The Wisconsin Center for Investigative Journalism’s Dee J. Hall received an award for reporting from her former employer, Lee Enterprises, on Thursday.
The Lee President’s Award, the company’s highest journalistic honor, recognized Hall and Wisconsin State Journal Reporter Matthew DeFour for their investigation into a failed taxpayer-funded loan to one of Gov. Scott Walker’s top donors. The award, which was shared with State Journal Assistant City Editor Mark Pitsch, recognizes the “outstanding achievement in any aspect of print and online journalism, from reporting and writing to photography, video, graphics and presentation” in the past year among Lee’s 50 daily newspapers.
The investigation involved Building Committee Inc. of Milwaukee whose owner, William Minahan, had given Walker $10,000 on Election Day in 2010. The investigation by Hall and DeFour found one of Walker’s top aides, Administration Secretary Mike Huebsch, had pushed for a $4.3 million loan to the company, which was on the verge of collapse. The company eventually secured $500,000 from the Wisconsin Economic Development Corp. but neither repaid any of it nor created any promised jobs. The state is now suing to recover the money.
The State Journal investigation found Minahan lied on his state loan application when he said he had not been sued in the previous five years. One former employee also said he had been repaid for making a campaign donation, which would be illegal. The stories prompted calls for a criminal investigation by legislative Democrats and U.S. Sen. Tammy Baldwin, D-Madison.
As a result of the State Journal investigation and other troubles, top legislative leaders are now proposing an overhaul for WEDC.
“In the newsroom, when you are holding government officials, elected officials accountable for their actions, when we are exposing misdeeds or favoritism or bad behavior of some sort by the people that the taxpayers are paying for or electing, that’s the highest calling that we really have in the newsroom,” State Journal Editor John Smalley told staff members gathered for the award ceremony Thursday.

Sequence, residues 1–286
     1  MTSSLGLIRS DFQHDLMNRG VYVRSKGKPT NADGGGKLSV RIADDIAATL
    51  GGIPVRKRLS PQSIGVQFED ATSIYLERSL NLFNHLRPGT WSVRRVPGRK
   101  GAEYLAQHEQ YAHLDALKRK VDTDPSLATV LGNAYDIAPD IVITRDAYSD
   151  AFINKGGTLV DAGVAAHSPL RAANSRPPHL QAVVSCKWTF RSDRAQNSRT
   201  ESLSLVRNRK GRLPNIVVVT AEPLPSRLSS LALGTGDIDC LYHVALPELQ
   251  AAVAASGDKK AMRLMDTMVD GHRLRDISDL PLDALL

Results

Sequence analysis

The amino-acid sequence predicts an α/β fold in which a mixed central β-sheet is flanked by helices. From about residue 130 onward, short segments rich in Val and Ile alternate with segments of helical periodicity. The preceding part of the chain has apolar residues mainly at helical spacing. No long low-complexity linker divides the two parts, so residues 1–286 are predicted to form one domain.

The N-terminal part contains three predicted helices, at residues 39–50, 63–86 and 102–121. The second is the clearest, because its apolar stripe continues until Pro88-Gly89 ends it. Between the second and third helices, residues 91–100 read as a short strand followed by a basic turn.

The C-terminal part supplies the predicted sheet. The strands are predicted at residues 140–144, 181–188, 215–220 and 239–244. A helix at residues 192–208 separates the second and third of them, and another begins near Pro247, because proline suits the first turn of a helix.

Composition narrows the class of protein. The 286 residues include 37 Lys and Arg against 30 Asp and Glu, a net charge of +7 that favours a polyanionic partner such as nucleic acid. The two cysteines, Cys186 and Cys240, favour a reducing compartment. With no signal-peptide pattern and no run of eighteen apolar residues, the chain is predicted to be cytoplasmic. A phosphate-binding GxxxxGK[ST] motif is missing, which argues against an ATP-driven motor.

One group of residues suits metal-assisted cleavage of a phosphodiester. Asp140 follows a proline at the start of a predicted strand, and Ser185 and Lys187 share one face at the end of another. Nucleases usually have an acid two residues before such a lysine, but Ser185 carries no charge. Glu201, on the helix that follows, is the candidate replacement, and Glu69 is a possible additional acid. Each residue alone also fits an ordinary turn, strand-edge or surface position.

“That story is still rolling out and reverberating, and that agency is going to be fundamentally changed forever … and the linchpin for that was our reporting.”
Smalley called DeFour and Hall “two of the most dogged reporters you’ll ever find anywhere.”
Hall joined the Center as managing editor in June after 24 years at the State Journal. She continues to write about questionable WEDC deals for the Center, including two businesses that failed after getting taxpayer-funded loans and lack of jobs and capital spending that had been promised as part of a $62.5 million package given to Kohl’s Corp.
The nonprofit Wisconsin Center for Investigative Journalism (www.WisconsinWatch.org) collaborates with Wisconsin Public Radio, Wisconsin Public Television, other news media and the UW-Madison School of Journalism and Mass Communication. All works created, published, posted or disseminated by the Center do not necessarily reflect the views or opinions of UW-Madison or any of its affiliates.
So they got an award for brining the story to light. Where is the rest of the investigation and reporting. This sounds like getting a trophy just for showing up. Low hanging fruit.
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